Furthermore, with the contrast of “good” and “bad,” Shakespeare utilizes the witches’ chant to establish the idea of misleading impressions. “Shipwrecking storms and direful thunders crash… from that spring, where peace seemed to come, /Discomfort rises,” the Captain says in scene two. Shakespeare connects storms with battles, implying a threat to King Duncan’s life and the stability of Scotland. Additional “Thunder” heralds the witches’ approach in the next scene, and they make more references to generating storms. The pathetic fallacy establishes a link between dark powers and impending evil. Also, as the Captain implies by contrasting the words ‘comfort’ and ‘discomfort,’ danger might come from unexpected places. This alludes to Macbeth’s deception.

The discussion between Macbeth and Banquo should be calm after a dramatic, noise-filled start to highlight Macbeth’s numerous asides. “The greatest is behind,” Macbeth says as he accepts his new title as Thane of Cawdor. The use of the superlative demonstrates that the witches’ ambiguity has fueled Macbeth’s desire — he now wishes to be king. The audience will see the growing gap between Macbeth’s outward demeanor and inner thoughts. Another significant element is the contrast between light and darkness, as shown above. Although Macbeth might be standing in dazzling light in front of the king (as a symbol of his newly acquired “golden ideas”), he should reject light, which is a metaphor for virtue. In scene five, Lady Macbeth makes a similar call for darkness, saying, “Come, thick night, / And pall thee in the most dun fog of Hell.” The same discordant music that plays in the background of the witches’ scene might be playing at this moment because the exhortation “come” is repeated several times, making this soliloquy sound like an incantation.

Dramatic irony may also be emphasized through music and lighting. As King Duncan gets closer to Macbeth’s castle in scene six, the stage directions should include “hautboys and torches,” as well as references to the presence of the martlet, “this visitor of summer,” and the atmosphere; of “heaven’s breath.” Macbeth and Lady Macbeth’s appeals for gloom, as well as Lady Macbeth’s declaration that “the raven himself is hoarse/That croaks the deadly entry of Duncan,” should contrast with pleasant music, soft bird twittering, and light torches. The juxtaposition of the two acts’ differing consequences highlights the irony of Duncan’s false confidence in Macbeth. Duncan’s claims also demonstrate his connection to “heaven.” This heightens the tension in the following scene, in which Macbeth contemplates whether or not to murder Duncan. Duncan’s “virtues/ Will plead like angels, trumpet-tongued” is one of the reasons for the hesitancy. An offstage celebration would accentuate Macbeth’s deceit while he stands in the shadows.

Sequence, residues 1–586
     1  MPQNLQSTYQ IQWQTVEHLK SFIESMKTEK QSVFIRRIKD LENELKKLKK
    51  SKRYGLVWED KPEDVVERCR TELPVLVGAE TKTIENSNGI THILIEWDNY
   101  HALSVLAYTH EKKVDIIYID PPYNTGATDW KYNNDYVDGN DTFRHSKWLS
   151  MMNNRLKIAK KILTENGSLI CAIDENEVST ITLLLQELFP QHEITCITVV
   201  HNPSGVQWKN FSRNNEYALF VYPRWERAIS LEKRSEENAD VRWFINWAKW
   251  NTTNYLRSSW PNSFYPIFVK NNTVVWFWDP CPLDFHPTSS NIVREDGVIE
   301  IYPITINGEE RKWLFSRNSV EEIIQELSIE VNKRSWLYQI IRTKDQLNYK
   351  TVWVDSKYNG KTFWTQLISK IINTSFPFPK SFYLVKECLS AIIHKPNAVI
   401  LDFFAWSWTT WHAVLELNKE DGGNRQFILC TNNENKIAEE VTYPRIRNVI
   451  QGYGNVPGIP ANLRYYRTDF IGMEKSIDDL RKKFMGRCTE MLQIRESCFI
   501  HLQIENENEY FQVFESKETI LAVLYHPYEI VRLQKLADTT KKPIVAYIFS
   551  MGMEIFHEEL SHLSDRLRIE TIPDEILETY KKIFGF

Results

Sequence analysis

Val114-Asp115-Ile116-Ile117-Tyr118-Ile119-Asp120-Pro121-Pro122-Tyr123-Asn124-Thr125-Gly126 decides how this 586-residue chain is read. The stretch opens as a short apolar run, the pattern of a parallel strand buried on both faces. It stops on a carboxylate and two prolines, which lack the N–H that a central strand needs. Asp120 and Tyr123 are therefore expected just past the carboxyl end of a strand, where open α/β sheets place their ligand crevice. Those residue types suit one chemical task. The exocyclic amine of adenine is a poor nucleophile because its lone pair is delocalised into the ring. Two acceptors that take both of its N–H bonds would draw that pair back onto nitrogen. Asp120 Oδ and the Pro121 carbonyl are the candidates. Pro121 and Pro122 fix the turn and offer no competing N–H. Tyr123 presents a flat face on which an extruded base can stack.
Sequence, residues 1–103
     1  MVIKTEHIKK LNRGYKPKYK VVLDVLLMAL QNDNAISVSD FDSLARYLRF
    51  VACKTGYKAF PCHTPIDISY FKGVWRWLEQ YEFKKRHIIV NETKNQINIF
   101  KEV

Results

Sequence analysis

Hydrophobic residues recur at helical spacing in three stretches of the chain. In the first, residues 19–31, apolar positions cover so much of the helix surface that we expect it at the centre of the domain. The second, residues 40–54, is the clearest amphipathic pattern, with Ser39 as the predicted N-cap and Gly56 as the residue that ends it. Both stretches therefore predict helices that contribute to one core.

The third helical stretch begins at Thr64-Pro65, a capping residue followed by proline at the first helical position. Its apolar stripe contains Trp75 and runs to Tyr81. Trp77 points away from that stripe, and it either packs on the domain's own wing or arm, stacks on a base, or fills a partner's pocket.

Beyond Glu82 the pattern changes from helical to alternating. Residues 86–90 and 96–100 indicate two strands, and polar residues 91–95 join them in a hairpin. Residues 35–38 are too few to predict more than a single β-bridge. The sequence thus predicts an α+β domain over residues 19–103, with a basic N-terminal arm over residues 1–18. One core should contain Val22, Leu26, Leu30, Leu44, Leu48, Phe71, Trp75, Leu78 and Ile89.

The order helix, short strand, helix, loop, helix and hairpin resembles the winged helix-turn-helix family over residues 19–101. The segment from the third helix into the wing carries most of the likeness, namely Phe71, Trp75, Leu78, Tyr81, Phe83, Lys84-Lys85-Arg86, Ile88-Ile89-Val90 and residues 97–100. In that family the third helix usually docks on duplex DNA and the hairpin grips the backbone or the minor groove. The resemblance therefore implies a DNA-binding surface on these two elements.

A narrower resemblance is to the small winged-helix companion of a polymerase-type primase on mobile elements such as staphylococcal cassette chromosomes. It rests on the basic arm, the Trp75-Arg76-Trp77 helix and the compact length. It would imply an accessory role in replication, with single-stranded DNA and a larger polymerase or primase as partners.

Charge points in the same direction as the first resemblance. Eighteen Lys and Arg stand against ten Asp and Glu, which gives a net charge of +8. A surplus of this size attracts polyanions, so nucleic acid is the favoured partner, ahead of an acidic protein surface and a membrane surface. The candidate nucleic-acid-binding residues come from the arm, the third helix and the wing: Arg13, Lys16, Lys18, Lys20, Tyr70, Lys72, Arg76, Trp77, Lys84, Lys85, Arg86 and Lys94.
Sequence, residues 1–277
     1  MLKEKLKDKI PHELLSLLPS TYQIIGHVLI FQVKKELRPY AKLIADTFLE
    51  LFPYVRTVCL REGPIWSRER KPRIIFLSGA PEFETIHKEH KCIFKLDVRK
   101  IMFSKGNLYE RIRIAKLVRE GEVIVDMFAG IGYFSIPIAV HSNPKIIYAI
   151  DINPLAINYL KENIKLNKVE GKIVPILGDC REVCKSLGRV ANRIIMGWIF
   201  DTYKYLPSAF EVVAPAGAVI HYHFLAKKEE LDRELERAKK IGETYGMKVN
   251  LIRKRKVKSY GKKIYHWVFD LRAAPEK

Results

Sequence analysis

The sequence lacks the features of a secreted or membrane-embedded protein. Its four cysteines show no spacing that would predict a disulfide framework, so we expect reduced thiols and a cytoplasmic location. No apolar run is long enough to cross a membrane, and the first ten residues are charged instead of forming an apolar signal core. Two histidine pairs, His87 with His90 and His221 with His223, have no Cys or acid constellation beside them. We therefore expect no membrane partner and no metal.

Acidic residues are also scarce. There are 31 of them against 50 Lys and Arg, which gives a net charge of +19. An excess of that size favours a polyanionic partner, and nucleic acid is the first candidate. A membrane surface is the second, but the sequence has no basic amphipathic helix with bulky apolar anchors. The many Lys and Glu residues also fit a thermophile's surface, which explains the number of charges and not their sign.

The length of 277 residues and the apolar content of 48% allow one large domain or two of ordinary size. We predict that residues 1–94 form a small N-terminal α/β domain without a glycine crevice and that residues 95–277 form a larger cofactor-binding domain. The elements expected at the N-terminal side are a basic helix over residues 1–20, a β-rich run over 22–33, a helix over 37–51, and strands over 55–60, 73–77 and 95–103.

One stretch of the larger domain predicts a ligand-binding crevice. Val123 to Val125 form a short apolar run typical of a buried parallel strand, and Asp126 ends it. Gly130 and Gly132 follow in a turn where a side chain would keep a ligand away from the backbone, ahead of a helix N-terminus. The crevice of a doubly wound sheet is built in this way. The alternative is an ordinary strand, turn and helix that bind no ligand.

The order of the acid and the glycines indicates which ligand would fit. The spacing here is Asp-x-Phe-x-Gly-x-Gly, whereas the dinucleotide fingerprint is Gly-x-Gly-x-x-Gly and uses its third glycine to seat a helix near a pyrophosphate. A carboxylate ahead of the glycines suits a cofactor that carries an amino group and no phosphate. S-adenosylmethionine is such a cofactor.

In conclusion, The play’s performance should make good use of many components of performance, such as staging, lighting, costumes, and characters, to bring out the play’s numerous themes while maintaining its uniqueness. Some components of the play, such as emotional and psychological intricacies, should be observed in performance as they are described in the play’s written version. This will help to maintain the tragedy’s main mood and tone in the play. The successful application of these characteristics will allow the audience to quickly grasp numerous portions of the play, particularly those that utilise symbolism, throughout the performance of this play. Generally, the play’s performance should give the viewer a vivid picture, creating an unforgettable memory.


Shakespeare, W., & Gill, R. (2009). Macbeth: Oxford School Shakespeare (Oxford School Shakespeare Series) (1st ed.). Oxford University Press.